The challenges, obviously, of setting a study up like this, in a pandemic are a huge because everybody is in crisis mode. The hospitals in crisis mode in terms of policies, and how things had to change. And we were all very much under the pump just trying to learn about so many different new things that were happening. I have to also have a big shout out to people in the ethics board and people in governance at the hospital, who really worked incredibly hard to push things through very quickly to get this study up and running. And usually it takes around six months from thinking about a study to actually getting it started. It took us six weeks despite all the challenges of having to work in a very pressured environment. And that's a testament everybody who was involved in the study and a lot of people were.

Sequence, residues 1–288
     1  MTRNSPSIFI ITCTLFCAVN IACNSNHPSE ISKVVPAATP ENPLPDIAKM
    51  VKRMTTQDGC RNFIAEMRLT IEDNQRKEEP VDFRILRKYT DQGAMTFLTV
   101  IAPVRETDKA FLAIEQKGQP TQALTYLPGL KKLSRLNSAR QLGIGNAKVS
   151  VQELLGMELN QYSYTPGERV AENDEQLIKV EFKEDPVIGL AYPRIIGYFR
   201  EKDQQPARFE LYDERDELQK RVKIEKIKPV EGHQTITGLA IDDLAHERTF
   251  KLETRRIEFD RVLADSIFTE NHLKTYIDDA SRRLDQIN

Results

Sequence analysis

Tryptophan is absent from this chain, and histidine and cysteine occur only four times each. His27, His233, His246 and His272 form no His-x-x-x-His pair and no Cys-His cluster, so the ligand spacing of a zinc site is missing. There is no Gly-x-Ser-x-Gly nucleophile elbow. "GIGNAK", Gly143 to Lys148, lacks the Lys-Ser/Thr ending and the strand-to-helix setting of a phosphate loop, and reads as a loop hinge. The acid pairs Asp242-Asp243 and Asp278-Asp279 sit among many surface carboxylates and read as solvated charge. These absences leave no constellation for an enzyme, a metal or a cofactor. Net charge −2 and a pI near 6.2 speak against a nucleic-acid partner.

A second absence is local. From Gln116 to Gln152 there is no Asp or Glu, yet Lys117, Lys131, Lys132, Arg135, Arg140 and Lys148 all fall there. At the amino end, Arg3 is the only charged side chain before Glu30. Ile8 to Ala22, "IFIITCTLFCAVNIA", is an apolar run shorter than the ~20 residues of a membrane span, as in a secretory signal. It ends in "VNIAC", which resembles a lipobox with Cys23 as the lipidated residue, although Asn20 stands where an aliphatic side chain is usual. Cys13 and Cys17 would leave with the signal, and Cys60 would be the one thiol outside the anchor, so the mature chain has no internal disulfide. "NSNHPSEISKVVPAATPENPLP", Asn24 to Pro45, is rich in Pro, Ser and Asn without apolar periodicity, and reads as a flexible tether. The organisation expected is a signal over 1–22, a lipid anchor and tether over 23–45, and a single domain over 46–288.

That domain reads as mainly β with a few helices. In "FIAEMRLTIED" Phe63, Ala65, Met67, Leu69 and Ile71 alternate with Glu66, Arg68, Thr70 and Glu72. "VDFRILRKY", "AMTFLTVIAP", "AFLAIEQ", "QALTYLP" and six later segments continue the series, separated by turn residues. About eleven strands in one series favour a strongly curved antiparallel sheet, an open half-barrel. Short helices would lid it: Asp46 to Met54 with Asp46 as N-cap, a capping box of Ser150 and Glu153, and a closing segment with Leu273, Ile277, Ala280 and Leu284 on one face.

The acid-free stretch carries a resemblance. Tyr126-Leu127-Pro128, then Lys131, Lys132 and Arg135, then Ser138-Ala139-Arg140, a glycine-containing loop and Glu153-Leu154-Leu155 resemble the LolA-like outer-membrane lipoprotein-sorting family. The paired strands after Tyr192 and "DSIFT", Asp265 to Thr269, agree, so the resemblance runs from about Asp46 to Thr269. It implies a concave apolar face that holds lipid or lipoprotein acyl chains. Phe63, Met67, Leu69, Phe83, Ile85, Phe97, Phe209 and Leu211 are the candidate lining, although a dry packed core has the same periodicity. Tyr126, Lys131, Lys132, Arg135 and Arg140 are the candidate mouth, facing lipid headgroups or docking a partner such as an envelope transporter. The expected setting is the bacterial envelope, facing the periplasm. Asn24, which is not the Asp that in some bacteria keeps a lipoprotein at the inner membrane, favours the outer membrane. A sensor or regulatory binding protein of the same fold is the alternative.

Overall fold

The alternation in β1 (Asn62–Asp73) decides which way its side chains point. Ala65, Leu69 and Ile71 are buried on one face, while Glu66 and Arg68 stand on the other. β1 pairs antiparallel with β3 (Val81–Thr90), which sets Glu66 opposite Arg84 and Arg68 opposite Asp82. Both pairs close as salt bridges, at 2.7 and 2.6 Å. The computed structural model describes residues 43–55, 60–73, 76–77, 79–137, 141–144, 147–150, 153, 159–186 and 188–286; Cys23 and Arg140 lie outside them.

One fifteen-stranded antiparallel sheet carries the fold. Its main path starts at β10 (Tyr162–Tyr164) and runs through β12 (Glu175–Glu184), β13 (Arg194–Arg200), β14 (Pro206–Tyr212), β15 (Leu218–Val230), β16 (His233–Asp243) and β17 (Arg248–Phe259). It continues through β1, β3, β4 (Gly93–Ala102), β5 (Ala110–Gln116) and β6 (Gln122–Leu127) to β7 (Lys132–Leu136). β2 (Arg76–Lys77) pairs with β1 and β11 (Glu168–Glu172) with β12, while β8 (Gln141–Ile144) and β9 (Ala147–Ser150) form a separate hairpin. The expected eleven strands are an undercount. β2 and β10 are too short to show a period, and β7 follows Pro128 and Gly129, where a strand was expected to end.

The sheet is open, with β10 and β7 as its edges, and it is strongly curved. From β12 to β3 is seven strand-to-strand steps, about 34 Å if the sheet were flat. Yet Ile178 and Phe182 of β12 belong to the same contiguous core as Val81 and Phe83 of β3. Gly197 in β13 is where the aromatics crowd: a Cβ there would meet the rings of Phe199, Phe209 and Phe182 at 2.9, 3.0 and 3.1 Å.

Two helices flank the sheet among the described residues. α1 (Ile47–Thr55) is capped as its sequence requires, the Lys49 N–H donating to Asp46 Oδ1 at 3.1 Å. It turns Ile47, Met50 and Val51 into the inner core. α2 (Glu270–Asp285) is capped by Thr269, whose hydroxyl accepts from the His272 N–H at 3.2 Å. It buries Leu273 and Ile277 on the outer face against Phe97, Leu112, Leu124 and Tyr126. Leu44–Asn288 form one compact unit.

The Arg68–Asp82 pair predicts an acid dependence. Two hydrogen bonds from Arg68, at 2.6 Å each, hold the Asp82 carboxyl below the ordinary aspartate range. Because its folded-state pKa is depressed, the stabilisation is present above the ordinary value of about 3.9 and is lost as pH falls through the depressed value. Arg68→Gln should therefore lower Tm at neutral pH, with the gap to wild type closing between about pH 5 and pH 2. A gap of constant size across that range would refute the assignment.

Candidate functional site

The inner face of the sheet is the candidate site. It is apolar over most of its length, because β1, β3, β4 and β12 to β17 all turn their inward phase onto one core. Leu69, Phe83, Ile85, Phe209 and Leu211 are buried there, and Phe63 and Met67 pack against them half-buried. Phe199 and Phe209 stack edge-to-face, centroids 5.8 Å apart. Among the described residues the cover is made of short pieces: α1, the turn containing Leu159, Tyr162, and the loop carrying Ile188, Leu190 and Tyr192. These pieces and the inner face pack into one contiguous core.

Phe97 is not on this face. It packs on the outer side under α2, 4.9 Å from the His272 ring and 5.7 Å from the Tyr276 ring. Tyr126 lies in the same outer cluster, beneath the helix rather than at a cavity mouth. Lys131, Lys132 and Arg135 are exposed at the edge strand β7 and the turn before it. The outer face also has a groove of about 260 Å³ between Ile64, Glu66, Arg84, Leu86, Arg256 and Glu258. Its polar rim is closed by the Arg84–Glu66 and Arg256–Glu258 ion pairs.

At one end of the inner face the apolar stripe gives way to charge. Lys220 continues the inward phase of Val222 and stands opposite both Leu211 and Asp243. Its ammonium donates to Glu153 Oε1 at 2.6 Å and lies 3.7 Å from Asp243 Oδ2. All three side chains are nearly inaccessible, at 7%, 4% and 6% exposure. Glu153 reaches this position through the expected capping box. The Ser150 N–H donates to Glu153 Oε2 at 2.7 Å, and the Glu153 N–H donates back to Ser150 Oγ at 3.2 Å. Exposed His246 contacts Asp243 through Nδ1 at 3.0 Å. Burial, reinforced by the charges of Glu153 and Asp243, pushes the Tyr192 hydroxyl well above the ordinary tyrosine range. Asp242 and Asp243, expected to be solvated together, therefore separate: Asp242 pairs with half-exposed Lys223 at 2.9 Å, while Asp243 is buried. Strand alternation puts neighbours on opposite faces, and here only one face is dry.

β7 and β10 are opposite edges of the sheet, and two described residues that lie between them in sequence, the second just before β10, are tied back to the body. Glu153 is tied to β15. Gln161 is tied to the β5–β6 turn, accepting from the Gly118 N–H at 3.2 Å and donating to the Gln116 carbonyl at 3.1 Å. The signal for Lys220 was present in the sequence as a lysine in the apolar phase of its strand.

DAVID FAKTOR: I remember back in the day, thinking that such a study was luxury we didn't have because we were in sink or swim mode. And to think now sitting here, how fortuitous that was on your part, and how extraordinarily swiftly you got the study up, given how multi-dimensional it was. And to think now we're sitting here, and I'm about to ask you a whole lot of very in depth questions So still Gail, how have the adapts participants and their data contributed to what we know about on COVID now.
GAIL MATTHEWS: So it's a good question, because when you look at the literature on long COVID that's out there at the moment, it's taken a long time to come through because as I say, research is a long-term business. But what we see coming out now is very big data sets of you know, tens of thousands of people particularly from the UK in the US. And we have obviously a relatively small—it's a big study for one site, it's 200 patients, but it's actually a really small data set. But because we had collected their cells—not just their blood work, but what we call that PBMCs, the cells in their blood, which is quite difficult to do—costly and required a lot of effort from the lab to do it—but we thought it's worthwhile doing.